> > > peak with 100 watts. That
> > > > should work with little drive to spare.
> > > > Probably the easiest would be a 200 ohm resistor
> > > (close to the 170 ohm
> > > > resistor). A 4:1 balun should match it close to 50
> > > ohms.
> > > > A 200 ohm resistor and 100 watts should provide
> > > close to 200 volts peak
> > > > drive voltage.
> > > >
> > > > I did this setup (balun and resistor) with a pair
> > > of grid driven 1625,s
> > > > driven by my 20A. It worked well. Voltages were
> > > less of course!
> > > > Stray capacitance will change things a bit.
> > > >
> > > > 73
> > > > Gary  K4FMX
> > > >
> > > >
> > > > > -----Original Message-----
> > > > > From: amradio-bounces at mailman.qth.net
> > > [mailto:amradio-
> > > > > bounces at mailman.qth.net] On Behalf Of ne1s
> > > > > Sent: Thursday, October 20, 2005 12:30 PM
> > > > > To: Discussion of AM Radio
> > > > > Subject: [AMRadio] Re: need help
> > > > >
> > > > > With a 50 ohm grid load on 4-400s, I think
> > > you'll find you'll get very
> > > > > little amplification from the stage - the 40400
> > > grid(s) want(s) to see
> > > > > more
> > > > > voltage. I went throught this exercise one (on
> > > paper), so went with a 1:16
> > > > > balun into a 800 ohm non-inductive resistor
> > > network in the actual design.
> > > > > Problem was, I couldn't make it broadband enough
> > > to cover more than 3
> > > > > consecutive bands at a time, and finally
> > > resorted to a T network on the
> > > > > input, loaded with about 2000 ohms worth of
> > > resistors.
> > > > >
> > > > >  -Larry/NE1S
> > > > >
> > > > > Gary Schafer writes:
> > > > >
> > > > > > The input impedance should be very near what
> > > the value of the resistor
> > > > > is.
> > > > > > In this case 170 ohms. The 4-400's will most
> > > likely be run in AB1 so no
> > > > > grid
> > > > > > current.
> > > > > > I would put in a 50 ohm resistor instead. You
> > > should get enough drive
> > > > > with
> > > > > > it. Figure what the bias voltage will be on
> > > the tubes. Then figure what
> > > > > the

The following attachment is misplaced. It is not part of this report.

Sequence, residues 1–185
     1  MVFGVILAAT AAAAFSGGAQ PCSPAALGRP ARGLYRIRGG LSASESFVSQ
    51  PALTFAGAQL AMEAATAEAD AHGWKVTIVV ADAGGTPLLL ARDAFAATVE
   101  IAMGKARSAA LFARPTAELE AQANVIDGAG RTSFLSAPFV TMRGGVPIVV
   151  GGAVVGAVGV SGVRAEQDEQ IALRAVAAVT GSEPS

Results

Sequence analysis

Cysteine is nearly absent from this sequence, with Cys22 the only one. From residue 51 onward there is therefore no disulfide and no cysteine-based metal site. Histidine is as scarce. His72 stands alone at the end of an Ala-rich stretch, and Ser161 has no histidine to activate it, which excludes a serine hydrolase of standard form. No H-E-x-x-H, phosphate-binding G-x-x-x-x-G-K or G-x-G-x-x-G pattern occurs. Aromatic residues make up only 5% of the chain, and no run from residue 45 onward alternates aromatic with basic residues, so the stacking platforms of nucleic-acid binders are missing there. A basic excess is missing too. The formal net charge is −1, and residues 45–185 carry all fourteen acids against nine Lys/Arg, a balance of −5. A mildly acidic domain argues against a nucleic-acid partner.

> > > > > > peak voltage will be from the exciter at 50
> > > ohms. If the peak voltage
> > > > > will
> > > > > > be greater than the bias voltage on the tubes
> > > then you have enough
> > > > > drive.
> > > > > >
> > > > > > 73
> > > > > > Gary  K4FMX
> > > > > >
> > > > > >> -----Original Message-----
> > > > > >> From: amradio-bounces at mailman.qth.net
> > > [mailto:amradio-
> > > > > >> bounces at mailman.qth.net] On Behalf Of
> > > esieb at sympatico.ca
> > > > > >> Sent: Wednesday, October 19, 2005 10:46 AM
> > > > > >> To: amradio at mailman.qth.net
> > > > > >> Subject: RE: [AMRadio] need help
> > > > > >>
> > > > > >> I'd have used an MFJ 259B to actually measure
> > > the input Z.
> > > > > Alternatively,
> > > > > >> you  can always use a  small tuner to "tune"
> > > the input.  I do that
> > > > > anyway
> > > > > >> with my Drake L4B, (use a small MFJ mobile
> > > tuner with meter).
> > > > > >>
> > > > > >> 4-400's, eh?  Nice amp!  If your plate
> > > voltage is high enough, you
> > > > > ought
> > > > > >> to
> > > > > >> get serious power out of that baby!
> > > > > >>
> > > > > >> 73, Ed, VA3ES
> > > > > >>
> > > > > >>
> > > > > >> From: Edward B Richards <zuu6k at juno.com>:
> > > > > >>
> > > > > >> I want to drive a linear amplifier with a
> > > rice box that requires a 50
> > > > > ohm
> > > > > >> load.
> > > > > >> The linear amp uses an input to a 170 ohm, 80
> > > watt swamping resistor to
> > > > > >> ground, then
> > > > > >> through a .001 mfd capacitor, then through a
> > > VHF parasitic suppressor
> > > > > >> consisting of  4 turns of wire around a 47
> > > ohm resistor, to the grids
> > > > > of
> > > > > >> a pair of parallel connected 4-400A tubes.
> > > > > >>
> > > > > >> What I need to know is the impedance of the
> > > input. Is it close to 50
> > > > > ohms
> > > > > >> or do I need to use a matching network
> > > between the rice box and the
> > > > > >> linear amplifier.
> > > > > >>
> > > > > >>
> > > > > >>
> > >